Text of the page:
Obama came close to winning four years ago and Democratic U.S. Sen. Bill Nelson trounced Katherine Harris in Duval in 2006. In the Republican tidal wave of 2010, Democrat Alex Sink lost Duval to Rick Scott by less than 6 percentage points. In 2008, John Crescimbeni became the first Democrat to win a competitive election for countywide office since 1995 when he won a special election for an at-large City Council seat and he overwhelmingly won re-election last year.
Jacksonville Republican consultant Susie Wiles, who ran Scott’s gubernatorial campaign, points to transplants moving to the beaches, south and east Duval as part of the reason politics is changing in the county.
“Northeast Florida used to be solidly conservative. It’s not so much any more,’’ Wiles said. “Duval is still conservative, but probably broader minded than it was a decade ago.”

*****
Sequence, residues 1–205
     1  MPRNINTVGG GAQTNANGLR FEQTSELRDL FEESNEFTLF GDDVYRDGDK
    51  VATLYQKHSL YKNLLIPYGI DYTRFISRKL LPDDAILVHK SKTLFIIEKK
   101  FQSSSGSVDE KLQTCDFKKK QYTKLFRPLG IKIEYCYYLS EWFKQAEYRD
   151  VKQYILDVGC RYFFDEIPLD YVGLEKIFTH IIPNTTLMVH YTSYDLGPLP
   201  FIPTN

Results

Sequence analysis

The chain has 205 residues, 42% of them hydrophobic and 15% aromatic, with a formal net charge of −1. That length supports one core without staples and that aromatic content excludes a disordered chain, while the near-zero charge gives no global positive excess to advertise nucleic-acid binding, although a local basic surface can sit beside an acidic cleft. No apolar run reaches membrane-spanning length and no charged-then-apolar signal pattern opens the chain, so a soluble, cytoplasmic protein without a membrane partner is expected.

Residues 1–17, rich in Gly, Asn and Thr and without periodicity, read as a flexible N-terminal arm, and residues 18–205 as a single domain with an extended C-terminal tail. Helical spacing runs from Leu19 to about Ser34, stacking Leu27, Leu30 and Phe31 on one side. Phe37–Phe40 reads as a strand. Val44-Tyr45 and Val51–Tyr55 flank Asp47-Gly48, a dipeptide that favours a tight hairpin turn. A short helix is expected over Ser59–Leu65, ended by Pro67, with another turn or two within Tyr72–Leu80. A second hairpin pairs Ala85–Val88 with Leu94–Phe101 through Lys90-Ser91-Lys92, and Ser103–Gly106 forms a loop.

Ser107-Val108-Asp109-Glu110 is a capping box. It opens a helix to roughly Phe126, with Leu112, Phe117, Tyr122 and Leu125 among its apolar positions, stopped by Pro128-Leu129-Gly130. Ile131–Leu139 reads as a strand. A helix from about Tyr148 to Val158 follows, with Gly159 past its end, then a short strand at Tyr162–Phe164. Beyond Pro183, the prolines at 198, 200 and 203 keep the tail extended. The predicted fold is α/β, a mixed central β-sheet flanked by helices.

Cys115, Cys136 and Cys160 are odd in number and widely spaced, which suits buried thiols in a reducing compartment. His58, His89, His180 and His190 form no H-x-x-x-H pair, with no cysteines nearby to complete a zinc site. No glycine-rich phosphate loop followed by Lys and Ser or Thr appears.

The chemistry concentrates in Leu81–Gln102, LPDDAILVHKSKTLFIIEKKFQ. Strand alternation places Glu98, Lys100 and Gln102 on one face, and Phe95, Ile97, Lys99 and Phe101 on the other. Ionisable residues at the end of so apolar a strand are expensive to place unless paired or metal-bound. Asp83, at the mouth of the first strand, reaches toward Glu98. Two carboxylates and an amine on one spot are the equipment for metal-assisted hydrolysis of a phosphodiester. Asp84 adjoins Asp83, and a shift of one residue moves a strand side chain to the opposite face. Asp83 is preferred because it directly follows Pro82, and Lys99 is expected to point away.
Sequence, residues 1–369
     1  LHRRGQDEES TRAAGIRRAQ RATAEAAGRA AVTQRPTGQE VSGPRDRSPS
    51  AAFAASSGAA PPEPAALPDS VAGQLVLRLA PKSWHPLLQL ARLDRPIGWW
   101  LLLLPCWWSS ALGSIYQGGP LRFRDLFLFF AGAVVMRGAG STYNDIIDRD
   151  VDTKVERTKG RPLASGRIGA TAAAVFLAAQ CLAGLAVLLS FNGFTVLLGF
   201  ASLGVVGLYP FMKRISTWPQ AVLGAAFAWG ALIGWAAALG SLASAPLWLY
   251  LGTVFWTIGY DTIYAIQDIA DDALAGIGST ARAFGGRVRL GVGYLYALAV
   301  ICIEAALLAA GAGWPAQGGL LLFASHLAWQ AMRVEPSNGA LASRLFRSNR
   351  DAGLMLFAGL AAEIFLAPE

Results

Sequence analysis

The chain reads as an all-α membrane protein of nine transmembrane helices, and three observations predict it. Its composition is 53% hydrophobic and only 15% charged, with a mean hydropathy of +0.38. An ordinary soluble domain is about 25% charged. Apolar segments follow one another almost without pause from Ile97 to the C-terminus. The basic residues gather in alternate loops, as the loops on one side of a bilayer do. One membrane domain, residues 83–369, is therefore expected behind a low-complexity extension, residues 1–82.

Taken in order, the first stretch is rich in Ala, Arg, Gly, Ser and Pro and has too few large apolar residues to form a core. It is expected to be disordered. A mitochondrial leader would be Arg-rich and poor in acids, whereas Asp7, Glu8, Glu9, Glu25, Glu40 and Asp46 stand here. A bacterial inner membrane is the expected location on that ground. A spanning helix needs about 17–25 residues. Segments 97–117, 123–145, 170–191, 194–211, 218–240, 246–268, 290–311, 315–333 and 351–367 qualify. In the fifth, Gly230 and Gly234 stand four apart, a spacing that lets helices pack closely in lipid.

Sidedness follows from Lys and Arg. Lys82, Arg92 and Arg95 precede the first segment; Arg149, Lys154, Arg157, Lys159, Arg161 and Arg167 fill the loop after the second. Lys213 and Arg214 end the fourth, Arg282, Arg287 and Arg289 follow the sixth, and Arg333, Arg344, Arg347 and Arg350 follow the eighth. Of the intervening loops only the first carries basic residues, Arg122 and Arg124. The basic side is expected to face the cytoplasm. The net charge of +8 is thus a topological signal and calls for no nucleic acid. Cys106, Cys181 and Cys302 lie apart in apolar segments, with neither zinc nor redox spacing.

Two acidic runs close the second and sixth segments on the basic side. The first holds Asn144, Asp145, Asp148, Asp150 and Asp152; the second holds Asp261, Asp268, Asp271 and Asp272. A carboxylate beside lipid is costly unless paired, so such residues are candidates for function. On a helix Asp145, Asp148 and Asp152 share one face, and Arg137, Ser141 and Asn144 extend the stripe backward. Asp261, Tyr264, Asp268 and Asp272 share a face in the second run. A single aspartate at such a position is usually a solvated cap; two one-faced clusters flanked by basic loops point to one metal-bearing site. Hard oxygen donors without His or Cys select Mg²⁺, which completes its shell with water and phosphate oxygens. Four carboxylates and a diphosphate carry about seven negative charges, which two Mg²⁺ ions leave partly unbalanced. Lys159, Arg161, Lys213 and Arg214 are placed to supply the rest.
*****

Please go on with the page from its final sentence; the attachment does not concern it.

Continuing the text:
The growing African-American and Hispanic populations also play a key role.
“In the year 2025 the line between whites and nonwhites is going to cross one another, and some years prior to that it’s going to tilt against Republicans,” said former state GOP chairman Tom Slade of Jacksonville. “As Republicans, we’ve got to go sell our philosophy as the right kind of philosophy to people who consider themselves minorities today. That’s the only chance we’ve got.”
In terms of November, though, Slade and other Republicans see a GOP electorate far more energized in Duval than four years ago.
“This is not Obama vs. Romney; This is Obama vs. Obama,” he said. “I think we’re going to have a very good turnout with Republicans, but it doesn’t have anything to do with Romney. From our side, it has to do with whipping Obama.”
Tampa Bay Times researcher Natalie Watson contributed to this report.